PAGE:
UFW, also known as Uncomplicated Firewall, is a Linux-based tool for managing firewalls. It uses a command-line interface and is specially designed to be easy to use. UFW is a frontend for iptables and provides a framework for managing netfilter.
UFW is an alternate tool for iptables that simplifies the process of configuring a firewall. While iptables is a very good and flexible tool, but it can be difficult for beginners to learn how to use it to properly configure a firewall.
If you are looking for a tool to secure your network and aren’t sure which tool to use, then UFW is probably the right choice for you.
In this tutorial, we will show you how to configure a firewall with UFW on Ubuntu 18.04.
- A fresh Ubuntu 18.04 VPS on the Atlantic.Net Cloud Platform.
Create Atlantic.Net Cloud Server
First, log in to your Atlantic.Net Cloud Server. Create a new server, choosing Ubuntu 18.04 as the operating system, with at least 2GB RAM. Connect to your Cloud Server via SSH and log in using the credentials highlighted at the top of the page.
Once you are logged into your Ubuntu 18.04 server, run the following command to update your base system with the latest available packages.
apt-get update -y
UFW is installed by default on Ubuntu 18.04. If not, you can install it by running the following command:
apt-get install ufw -y
After installing UFW, the first thing you need to do is to check the help manual. You can run the following command to see the UFW help manual:
You should get the following output:
Usage: ufw COMMAND
enable enables the firewall
disable disables the firewall
default ARG set default policy
logging LEVEL set logging to LEVEL
allow ARGS add allow rule
deny ARGS add deny rule
reject ARGS add reject rule
limit ARGS add limit rule
delete RULE|NUM delete RULE
insert NUM RULE insert RULE at NUM
route RULE add route RULE
route delete RULE|NUM delete route RULE
route insert NUM RULE insert route RULE at NUM
reload reload firewall
reset reset firewall
status show firewall status
status numbered show firewall status as numbered list of RULES
status verbose show verbose firewall status
show ARG show firewall report
version display version information
Application profile commands:
app list list application profiles
app info PROFILE show information on PROFILE
app update PROFILE update PROFILE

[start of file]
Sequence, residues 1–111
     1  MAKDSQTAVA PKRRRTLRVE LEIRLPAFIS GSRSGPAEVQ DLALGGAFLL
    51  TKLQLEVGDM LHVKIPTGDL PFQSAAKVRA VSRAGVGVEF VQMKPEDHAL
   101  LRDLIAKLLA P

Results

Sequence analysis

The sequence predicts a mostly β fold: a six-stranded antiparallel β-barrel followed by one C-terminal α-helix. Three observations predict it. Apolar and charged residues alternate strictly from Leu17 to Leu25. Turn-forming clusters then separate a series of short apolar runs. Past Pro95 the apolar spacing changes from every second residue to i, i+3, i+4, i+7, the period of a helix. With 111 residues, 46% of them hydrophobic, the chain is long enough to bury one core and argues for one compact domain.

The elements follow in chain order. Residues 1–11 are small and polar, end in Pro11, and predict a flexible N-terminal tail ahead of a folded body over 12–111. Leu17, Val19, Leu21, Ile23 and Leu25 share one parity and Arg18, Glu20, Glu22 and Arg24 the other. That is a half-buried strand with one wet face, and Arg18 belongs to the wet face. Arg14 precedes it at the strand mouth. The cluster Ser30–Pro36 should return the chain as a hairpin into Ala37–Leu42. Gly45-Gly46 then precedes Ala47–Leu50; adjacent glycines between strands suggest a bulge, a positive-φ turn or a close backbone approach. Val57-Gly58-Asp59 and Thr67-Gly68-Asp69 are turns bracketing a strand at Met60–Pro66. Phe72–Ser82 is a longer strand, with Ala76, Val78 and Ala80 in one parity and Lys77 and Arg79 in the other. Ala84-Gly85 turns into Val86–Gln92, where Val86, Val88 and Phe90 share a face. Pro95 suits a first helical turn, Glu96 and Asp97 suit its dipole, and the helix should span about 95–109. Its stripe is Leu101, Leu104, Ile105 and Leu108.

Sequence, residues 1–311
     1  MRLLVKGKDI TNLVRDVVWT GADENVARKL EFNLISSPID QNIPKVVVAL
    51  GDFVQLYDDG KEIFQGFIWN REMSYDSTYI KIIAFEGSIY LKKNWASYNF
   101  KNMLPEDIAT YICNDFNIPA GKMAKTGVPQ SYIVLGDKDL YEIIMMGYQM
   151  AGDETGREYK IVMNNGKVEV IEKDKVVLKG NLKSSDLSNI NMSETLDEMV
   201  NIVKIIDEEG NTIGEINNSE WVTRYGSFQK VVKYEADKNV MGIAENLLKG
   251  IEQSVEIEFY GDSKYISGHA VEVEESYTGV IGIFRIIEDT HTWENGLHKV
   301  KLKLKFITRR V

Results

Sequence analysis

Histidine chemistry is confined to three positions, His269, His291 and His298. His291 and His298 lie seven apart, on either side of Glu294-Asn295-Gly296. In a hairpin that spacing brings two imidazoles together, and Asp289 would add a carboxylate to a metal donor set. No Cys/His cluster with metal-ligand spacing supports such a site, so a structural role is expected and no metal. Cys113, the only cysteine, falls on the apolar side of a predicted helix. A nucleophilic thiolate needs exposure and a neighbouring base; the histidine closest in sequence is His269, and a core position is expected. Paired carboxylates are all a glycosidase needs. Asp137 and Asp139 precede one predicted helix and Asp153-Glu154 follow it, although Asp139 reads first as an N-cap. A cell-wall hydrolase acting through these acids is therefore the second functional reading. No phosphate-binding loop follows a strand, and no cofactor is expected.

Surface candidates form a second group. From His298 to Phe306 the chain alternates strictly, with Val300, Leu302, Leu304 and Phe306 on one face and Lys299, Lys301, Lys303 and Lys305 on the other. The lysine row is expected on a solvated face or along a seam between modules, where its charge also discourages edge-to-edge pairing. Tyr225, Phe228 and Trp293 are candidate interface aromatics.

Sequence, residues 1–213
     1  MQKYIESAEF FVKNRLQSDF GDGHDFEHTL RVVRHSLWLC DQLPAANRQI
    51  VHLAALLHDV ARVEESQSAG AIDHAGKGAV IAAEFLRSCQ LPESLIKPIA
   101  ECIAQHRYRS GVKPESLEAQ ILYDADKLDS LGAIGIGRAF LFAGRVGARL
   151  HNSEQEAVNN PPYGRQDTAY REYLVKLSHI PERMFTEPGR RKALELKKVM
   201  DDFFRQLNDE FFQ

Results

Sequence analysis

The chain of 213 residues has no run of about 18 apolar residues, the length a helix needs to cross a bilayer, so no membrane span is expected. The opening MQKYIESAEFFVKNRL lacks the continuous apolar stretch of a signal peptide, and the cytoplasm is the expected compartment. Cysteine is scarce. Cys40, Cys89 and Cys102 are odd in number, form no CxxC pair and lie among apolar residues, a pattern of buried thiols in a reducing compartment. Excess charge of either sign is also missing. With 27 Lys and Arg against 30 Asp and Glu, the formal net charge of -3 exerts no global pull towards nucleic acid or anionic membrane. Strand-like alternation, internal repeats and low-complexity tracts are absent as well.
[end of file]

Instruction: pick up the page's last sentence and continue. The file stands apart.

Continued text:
app default ARG set default application policy
Setting Up UFW Default Policies
The first thing you will need to do is to define your default policies. These policies control how to handle the traffic that does not explicitly satisfy other firewall rules. By default, UFW is configured to allow all outgoing connections and deny all incoming connections.
Let’s start by changing UFW’s settings back to the defaults. You can set up it with the following command:
ufw default deny incoming
ufw default allow outgoing
Allow SSH Connections
If you are using a cloud server, you will need to allow SSH connections before enabling the UFW firewall. This will allow you to connect and manage your server via SSH. Otherwise, you will no longer be able to connect to your cloud server.
Run the following command to configure your UFW firewall to allow incoming SSH connections.
ufw allow ssh
The above command will allow all incoming connections on port 22.
If you configured your SSH server to listen on a different port, then you will have to allow the appropriate port with UFW.
Now, enable the UFW firewall by running the following command:
You can now check the status of the UFW firewall with the following command:
You should get the following output:
To Action From
-- ------ ----
22/tcp ALLOW Anywhere
22/tcp (v6) ALLOW Anywhere (v6)
UFW Basic Rules
In this section, we will learn how to allow, deny and delete UFW firewall rules.
There are two ways to allow incoming traffic with UFW.
If you want to allow incoming traffic of HTTP service, then run the following command with a service name:
ufw allow http
Or, run the following command with port number:
ufw allow 80
To allow HTTPs on port 443, run the following command:
ufw allow https
ufw allow 443/tcp
You can also filter the packets based on TCP/UDP by running the following command:
ufw allow 80/tcp
ufw allow 21/udp
You can also deny any rules with the following command:
ufw deny 80
ufw deny http
To delete the HTTP rules, run the following command:
ufw delete allow http
ufw delete allow 80
UFW Advanced Rules
In this section, we will learn some advanced rules with UFW.
If you have some applications to run on a range of ports 8080-8090. You can allow these ports by running the following command:
ufw allow 8080:8090/tcp
If you want to add a specific IP address (192.168.0.3) to allow access to all incoming connections, run the following command:
ufw allow from 192.168.0.3
To deny all incoming connections from specific IP address (192.168.0.4), run the following command:
ufw deny from 192.168.0.4
If you want to allow a specific IP address (192.168.0.5) on a specific port (80), run the following command:
ufw allow from 192.168.0.5 to any port 80
To allow all incoming connections to a specific network interface (eth1), run the following command:
ufw allow in on eth2
To allow all incoming connections to specific network subnets (192.168.0.1/24), run the following command:
ufw allow from 192.168.1.0/24
If you want to remove (reset) all of your rules, run the following command:
If you want to stop UFW and deactivate all the rules, run the following command:
In the above tutorial, we learned how to setup UFW firewall on Ubuntu 18.04. We have also learned how to allow, deny, delete and some advanced rules with UFW. If you’re ready to get started with UFW, take a look at Atlantic.Net’s VPS Hosting plans.